Accountant Estate Planning Services

Having Van Middlesworth as your estate planner will ensure that your assets are properly valued and protected. We will do a detailed inventory of your assets and discuss your plans for these assets.

We will then discuss your long-term plans and develop a strategy to protect the value of your property through the use of estate laws.


Probate is a court-supervised process for identifying and gathering the assets of a deceased person (decedent), paying the decedent’s debts, and distributing the decedent’s assets to his or her beneficiaries. In general, the decedent’s assets are used first to pay the cost of the probate proceeding, then are used to pay the decedent’s outstanding debts, and the remainder is distributed to the decedent’s beneficiaries. The Florida Probate Code is found in Chapters 731 through 735 of the Florida Statutes.

There are two types of probate administration under Florida law: formal administration and summary administration. This pamphlet will primarily discuss formal administration.

There is also a non-court supervised administration proceeding called "Disposition of Personal Property Without Administration." This type of administration only applies in limited circumstances.


Depending upon the facts of the situation, any of the following may have a role to play in the probate administration of the decedent’s estate:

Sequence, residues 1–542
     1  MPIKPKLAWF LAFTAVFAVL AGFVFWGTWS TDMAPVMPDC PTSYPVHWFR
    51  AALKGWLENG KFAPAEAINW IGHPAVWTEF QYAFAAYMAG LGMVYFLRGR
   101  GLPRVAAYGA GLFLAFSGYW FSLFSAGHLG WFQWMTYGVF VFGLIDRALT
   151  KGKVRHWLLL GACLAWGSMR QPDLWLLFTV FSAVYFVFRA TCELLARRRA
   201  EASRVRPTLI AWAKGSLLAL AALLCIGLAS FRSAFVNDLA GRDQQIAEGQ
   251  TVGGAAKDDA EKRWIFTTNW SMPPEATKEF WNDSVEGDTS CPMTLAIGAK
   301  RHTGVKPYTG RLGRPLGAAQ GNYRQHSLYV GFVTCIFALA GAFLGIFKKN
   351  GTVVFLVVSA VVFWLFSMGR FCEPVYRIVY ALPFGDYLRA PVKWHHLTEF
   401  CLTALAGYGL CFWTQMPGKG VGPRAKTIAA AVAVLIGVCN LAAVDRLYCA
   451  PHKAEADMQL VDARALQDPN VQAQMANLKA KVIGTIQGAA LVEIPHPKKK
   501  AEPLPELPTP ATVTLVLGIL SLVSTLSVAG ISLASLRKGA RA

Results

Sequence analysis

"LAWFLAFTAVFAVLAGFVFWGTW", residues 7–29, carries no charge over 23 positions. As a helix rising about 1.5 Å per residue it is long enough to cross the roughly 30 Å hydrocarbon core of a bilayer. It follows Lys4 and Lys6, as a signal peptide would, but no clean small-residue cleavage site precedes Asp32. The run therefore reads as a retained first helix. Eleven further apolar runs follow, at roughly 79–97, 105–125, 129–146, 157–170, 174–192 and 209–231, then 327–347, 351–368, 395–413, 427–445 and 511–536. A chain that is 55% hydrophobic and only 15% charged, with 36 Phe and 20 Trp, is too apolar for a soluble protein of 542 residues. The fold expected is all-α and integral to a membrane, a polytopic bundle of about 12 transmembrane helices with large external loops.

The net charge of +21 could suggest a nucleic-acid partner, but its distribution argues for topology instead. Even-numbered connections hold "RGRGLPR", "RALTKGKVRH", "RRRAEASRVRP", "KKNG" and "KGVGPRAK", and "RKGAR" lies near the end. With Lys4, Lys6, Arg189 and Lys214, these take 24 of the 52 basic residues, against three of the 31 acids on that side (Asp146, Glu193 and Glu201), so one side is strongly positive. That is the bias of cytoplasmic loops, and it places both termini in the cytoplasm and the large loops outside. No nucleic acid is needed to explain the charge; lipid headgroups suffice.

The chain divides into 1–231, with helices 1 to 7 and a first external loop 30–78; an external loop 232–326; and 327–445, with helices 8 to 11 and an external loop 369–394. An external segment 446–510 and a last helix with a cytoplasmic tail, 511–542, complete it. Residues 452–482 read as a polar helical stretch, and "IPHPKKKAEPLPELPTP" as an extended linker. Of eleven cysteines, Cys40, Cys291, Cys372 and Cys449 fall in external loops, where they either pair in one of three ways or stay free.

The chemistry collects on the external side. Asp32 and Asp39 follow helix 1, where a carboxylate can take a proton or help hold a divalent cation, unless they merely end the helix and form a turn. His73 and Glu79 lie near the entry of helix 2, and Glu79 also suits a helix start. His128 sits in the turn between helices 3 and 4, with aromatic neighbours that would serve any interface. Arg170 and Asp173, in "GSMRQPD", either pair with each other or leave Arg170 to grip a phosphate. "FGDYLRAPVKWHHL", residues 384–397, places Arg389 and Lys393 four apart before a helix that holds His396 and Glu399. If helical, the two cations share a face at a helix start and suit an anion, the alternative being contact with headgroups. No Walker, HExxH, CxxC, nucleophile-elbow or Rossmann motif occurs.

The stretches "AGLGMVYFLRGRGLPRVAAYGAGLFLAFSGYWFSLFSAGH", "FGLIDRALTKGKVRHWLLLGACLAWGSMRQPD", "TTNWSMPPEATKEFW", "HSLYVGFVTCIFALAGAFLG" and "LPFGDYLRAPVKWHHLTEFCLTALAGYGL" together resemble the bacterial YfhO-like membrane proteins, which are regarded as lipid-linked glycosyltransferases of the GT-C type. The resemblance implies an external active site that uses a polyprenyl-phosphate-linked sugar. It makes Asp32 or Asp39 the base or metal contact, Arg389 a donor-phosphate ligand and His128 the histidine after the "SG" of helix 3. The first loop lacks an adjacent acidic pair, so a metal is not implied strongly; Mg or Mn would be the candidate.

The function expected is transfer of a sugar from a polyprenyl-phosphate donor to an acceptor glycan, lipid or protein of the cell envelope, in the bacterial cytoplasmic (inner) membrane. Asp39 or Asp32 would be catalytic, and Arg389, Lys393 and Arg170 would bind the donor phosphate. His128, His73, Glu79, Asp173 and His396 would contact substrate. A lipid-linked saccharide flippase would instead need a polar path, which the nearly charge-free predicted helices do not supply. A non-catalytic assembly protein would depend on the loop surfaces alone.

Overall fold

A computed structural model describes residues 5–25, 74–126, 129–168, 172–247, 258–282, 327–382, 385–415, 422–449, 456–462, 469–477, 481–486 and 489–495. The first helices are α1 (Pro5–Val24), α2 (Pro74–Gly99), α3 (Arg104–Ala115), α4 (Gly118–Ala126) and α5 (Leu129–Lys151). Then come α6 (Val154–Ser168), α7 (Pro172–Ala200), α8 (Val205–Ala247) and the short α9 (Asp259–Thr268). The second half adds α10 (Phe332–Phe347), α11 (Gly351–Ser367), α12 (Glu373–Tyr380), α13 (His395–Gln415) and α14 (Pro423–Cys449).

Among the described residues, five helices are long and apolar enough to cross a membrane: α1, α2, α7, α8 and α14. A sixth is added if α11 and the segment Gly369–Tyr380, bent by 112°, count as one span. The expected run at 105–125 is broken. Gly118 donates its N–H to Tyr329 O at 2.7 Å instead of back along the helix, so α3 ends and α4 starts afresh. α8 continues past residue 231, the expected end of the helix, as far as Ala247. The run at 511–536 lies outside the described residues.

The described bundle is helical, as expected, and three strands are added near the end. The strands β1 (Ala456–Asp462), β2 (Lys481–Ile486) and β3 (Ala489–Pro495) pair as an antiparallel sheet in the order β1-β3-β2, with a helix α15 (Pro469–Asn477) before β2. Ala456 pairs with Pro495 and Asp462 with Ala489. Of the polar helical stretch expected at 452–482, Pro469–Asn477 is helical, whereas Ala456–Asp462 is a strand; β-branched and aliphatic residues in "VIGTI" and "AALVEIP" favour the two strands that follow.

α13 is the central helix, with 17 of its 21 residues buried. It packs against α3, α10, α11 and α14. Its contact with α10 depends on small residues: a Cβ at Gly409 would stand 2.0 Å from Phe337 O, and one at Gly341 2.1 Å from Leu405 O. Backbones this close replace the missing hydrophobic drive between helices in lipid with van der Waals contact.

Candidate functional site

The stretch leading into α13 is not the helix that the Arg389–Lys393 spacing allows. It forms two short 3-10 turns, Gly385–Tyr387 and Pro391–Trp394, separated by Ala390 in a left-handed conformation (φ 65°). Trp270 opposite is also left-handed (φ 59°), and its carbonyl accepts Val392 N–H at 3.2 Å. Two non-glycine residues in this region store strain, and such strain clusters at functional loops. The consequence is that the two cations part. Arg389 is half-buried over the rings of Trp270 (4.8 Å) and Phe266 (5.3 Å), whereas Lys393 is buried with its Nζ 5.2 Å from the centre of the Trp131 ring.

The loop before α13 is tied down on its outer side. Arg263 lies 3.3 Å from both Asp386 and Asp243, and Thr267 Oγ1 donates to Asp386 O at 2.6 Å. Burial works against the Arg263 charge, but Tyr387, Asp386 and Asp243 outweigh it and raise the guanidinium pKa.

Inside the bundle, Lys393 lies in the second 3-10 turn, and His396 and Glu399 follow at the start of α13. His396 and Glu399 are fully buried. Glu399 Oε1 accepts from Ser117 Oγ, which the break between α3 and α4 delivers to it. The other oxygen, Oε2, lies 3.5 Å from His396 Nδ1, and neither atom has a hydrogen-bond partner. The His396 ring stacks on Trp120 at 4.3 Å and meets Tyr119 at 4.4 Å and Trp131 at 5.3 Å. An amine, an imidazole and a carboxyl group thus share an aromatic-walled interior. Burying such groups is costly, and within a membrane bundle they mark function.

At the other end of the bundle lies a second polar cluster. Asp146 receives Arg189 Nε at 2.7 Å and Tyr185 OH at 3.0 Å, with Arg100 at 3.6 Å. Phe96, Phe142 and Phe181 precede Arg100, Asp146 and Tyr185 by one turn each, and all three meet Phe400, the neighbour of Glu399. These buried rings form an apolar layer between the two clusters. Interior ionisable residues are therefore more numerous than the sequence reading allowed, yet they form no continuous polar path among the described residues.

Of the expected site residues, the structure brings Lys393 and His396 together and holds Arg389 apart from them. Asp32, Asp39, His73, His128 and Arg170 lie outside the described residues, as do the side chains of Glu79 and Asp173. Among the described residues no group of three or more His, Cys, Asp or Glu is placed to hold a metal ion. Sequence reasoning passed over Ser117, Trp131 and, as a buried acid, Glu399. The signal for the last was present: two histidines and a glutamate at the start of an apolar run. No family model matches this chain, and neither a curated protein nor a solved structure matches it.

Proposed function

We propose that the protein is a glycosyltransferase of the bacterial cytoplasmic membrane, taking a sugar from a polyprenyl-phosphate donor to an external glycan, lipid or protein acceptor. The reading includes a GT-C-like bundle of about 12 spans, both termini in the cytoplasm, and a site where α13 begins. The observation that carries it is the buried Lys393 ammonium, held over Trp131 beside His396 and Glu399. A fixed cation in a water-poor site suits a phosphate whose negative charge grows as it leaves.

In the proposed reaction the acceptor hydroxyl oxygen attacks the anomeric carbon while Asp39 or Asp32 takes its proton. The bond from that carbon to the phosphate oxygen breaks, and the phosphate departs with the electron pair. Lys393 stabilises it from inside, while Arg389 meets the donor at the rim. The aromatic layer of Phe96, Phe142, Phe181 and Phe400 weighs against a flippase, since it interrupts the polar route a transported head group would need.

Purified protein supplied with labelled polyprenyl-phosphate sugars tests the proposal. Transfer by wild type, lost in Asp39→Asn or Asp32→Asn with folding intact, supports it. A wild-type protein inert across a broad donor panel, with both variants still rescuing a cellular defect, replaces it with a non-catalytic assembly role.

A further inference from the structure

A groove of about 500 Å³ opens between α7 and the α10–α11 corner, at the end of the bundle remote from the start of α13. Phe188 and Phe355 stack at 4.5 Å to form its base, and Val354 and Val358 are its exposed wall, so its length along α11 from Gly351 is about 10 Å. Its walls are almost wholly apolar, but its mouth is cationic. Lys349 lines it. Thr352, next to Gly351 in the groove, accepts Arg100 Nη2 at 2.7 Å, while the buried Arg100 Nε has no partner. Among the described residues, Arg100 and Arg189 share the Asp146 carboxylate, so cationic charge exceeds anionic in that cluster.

*The Clerk of the Circuit Court in the county in which the decedent was domiciled at the time of the decedent’s death; *The Circuit Court (acting through a Circuit Court Judge); *The person or institution serving as the decedent’s personal representative (or executor); *The attorney engaged by the personal representative to provide legal advice to the personal representative throughout the probate process; *Those filing claims in the probate proceeding relative to debts incurred by the decedent during his or her lifetime, such as credit card issuers and health care providers; and

*The Internal Revenue Service (IRS), as to any federal income taxes that the decedent may owe, any income taxes that the decedent’s probate estate may owe, and, sometimes as to federal gift, estate or generation-skipping transfer tax matters.


One of the primary purposes of probate is to ensure that the decedents debts are paid in an orderly fashion. The personal representative must use diligent efforts to give actual notice of the probate proceeding to "known or reasonably ascertainable" creditors. This gives the creditors an opportunity to file claims in the decedents probate estate, if any. Creditors who receive notice of the probate administration generally have three months to file a claim with the Clerk of the Circuit Court. The personal representative, or any other interested persons, may file an objection to the statement of claim. If an objection is filed, the creditor must file a separate independent lawsuit to pursue the claim. A claimant who files a claim in the probate proceeding must be treated fairly as a person interested in the probate estate until the claim has been paid, or until the claim is determined to be invalid.

The legitimate debts of the decedent, specifically including proper claims, taxes, and expenses of the administration of the decedents probate estate, must be paid before making distributions to the decedents beneficiaries. The Court will require the personal representative to file a report to advise of any claims filed in the probate estate, and will not permit the probate estate to be closed unless those claims have been paid or otherwise disposed of.

Interested in learning how VanMiddlesworth, P.A. can help you with your estate planning needs? Give us a call at (727) 821-2006 to schedule your free initial consultation.